In this monthly blog series, our collections team will write about their Object of the Month, chosen from our collection. In this month’s blog Lisa Traynor, Curator of Firearms, gives us a short history of PR.6375, Vetterli-Vitali Model 1870/87 Rifle and its fascinating journey from Naples, to Terni, to Larne, and finally how it arrived in the collection at Royal Armouries.
One afternoon three years ago I took great pleasure in cataloguing PR. 6375, a centrefire Vetterli-Vitali Model 1870/87, bolt-action rifle. Obsessed with anything Italian I was in my element. Yet as I admired the large cartouche stamped on the right side of the butt, my attention was soon drawn to something more unexpected.
Centimetres away from the large Italian cartouche was another smaller cartouche containing what appeared to be the ‘Hand of Ulster’. On closer inspection, the ‘Hand’ appeared to be encircled by the inscription; ‘UVF, FOR GOD AND ULSTER.’ I was holding a late 19th-century Italian service rifle which had somehow made its way into the hands of the Ulster Volunteer Force during the early part of the 20th century.
The object itself had partly revealed its logistical history, however, what I was eager to discover were the reasons for this 1,585-mile migration to Ireland and furthermore how it found its way into the collection of the Royal Armouries.
From Naples to Terni
The earliest date marking on this rifle appears on the left side of the barrel flat. It simply reads ‘TORRE ANNUNZIATA 1880’. The Torre Annunziata Arsenal was established in 1758 in Naples and was the largest producer of weaponry and ammunition in the Kingdom of the Two Sicilies. It was here that PR.6375 was originally manufactured.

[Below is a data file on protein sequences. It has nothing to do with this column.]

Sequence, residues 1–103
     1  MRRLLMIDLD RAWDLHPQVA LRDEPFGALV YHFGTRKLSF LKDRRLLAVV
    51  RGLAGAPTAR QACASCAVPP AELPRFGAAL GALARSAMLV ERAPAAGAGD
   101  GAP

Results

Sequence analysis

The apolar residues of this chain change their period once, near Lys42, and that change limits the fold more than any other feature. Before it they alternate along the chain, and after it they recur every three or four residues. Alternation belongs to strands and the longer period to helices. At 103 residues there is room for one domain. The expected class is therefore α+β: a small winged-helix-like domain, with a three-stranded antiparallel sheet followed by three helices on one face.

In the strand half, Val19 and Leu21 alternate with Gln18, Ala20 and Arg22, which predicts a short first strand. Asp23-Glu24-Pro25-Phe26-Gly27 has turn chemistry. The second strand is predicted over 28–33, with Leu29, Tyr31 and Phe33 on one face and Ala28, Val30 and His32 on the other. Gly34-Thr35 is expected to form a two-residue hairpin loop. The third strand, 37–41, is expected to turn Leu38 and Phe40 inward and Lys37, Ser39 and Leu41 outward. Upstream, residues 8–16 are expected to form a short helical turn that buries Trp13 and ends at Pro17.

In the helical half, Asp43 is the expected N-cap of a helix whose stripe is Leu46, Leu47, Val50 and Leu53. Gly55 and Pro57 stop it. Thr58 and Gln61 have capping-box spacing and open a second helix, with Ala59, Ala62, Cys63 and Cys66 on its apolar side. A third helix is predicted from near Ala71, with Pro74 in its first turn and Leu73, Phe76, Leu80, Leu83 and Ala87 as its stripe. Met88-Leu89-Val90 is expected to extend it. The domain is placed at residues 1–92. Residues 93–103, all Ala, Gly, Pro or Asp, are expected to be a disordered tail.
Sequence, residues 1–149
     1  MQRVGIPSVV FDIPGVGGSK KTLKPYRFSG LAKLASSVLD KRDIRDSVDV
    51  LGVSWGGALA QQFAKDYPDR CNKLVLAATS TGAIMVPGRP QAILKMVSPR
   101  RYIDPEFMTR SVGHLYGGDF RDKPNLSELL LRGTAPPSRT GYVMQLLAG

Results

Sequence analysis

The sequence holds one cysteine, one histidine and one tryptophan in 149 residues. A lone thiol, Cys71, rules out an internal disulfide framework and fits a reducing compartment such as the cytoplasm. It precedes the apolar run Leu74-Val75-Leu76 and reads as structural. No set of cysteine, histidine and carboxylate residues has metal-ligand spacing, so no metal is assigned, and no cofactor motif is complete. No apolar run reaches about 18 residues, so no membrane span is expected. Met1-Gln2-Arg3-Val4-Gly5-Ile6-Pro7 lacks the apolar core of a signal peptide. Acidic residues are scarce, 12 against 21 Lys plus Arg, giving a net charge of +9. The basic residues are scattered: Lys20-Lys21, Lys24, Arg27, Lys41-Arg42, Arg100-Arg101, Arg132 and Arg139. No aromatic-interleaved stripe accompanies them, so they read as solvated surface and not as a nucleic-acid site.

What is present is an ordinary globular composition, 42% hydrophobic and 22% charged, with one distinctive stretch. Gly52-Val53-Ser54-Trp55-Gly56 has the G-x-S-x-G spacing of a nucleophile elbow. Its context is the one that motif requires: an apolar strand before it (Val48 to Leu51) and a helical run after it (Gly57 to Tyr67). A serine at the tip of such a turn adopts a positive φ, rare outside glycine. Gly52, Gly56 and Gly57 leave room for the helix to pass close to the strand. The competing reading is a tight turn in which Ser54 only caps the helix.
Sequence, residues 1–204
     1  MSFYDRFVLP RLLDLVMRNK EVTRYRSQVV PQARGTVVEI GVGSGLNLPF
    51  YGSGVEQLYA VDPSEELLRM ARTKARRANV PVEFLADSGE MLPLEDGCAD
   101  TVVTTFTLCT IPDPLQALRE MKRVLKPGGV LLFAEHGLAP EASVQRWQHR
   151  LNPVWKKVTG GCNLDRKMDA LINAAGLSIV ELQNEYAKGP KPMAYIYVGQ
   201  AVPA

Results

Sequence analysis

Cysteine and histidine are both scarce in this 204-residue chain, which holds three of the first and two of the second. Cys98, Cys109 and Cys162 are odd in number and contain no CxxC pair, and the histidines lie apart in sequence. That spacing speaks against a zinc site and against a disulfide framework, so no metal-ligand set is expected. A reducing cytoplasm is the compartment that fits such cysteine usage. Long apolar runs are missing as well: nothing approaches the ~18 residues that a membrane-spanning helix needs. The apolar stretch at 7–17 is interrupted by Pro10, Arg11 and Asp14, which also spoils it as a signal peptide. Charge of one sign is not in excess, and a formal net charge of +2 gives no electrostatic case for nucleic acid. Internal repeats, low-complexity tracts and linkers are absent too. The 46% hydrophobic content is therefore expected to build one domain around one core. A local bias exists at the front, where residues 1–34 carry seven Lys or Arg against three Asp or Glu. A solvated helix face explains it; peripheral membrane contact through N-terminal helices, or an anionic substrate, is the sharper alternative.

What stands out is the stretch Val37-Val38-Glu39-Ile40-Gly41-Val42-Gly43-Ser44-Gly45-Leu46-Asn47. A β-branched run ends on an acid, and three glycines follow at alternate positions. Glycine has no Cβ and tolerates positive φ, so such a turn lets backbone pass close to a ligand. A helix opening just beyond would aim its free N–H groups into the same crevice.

Another cartouche shows that PR.6375 was modified at the new Italian National Armoury in Terni, Umbria in 1888 following the decision to convert Italy’s existing stock of single shot Model 1870 rifles into four shot rifles utilising a box magazine system designed by Giuseppe Vitali. The decision to purchase a single shot rifle – although a prudent economic choice for Italy in 1870 – was by 1887 thought to have been a mistake. Without the firepower generated by a repeating rifle, the Italian Army could have potentially left itself at a technological disadvantage.
So how did the firearm, produced in Naples and modified in Terni, find its way to Larne?
After their formation in 1912 the Ulster Volunteers (UV), later the Ulster Volunteer Force (UVF), began arming their partisans as a protest against Irish Home Rule Bills. The British government had promised to return Home Rule to Ireland after an interval of over 100 years. Although many in Ireland were delighted at this prospect, certain people, most notably Protestants in the province of Ulster, were opposed to the thought of a nominally Catholic Ireland.
Stamped on the left side of the stock another ‘Hand of Ulster’ is surrounded by a shield with the letters ‘UPG’, the Ulster Provisional Government, which was set up in 1913. Its purpose was to take over the running of Ulster in the event of the Home Rule Bill being passed into law. Shortly after the formation of the Irish Volunteers (IV), a nationalist group established in response to the formation of the UV, in 1913, the British Parliament banned the importation of weapons into Ireland.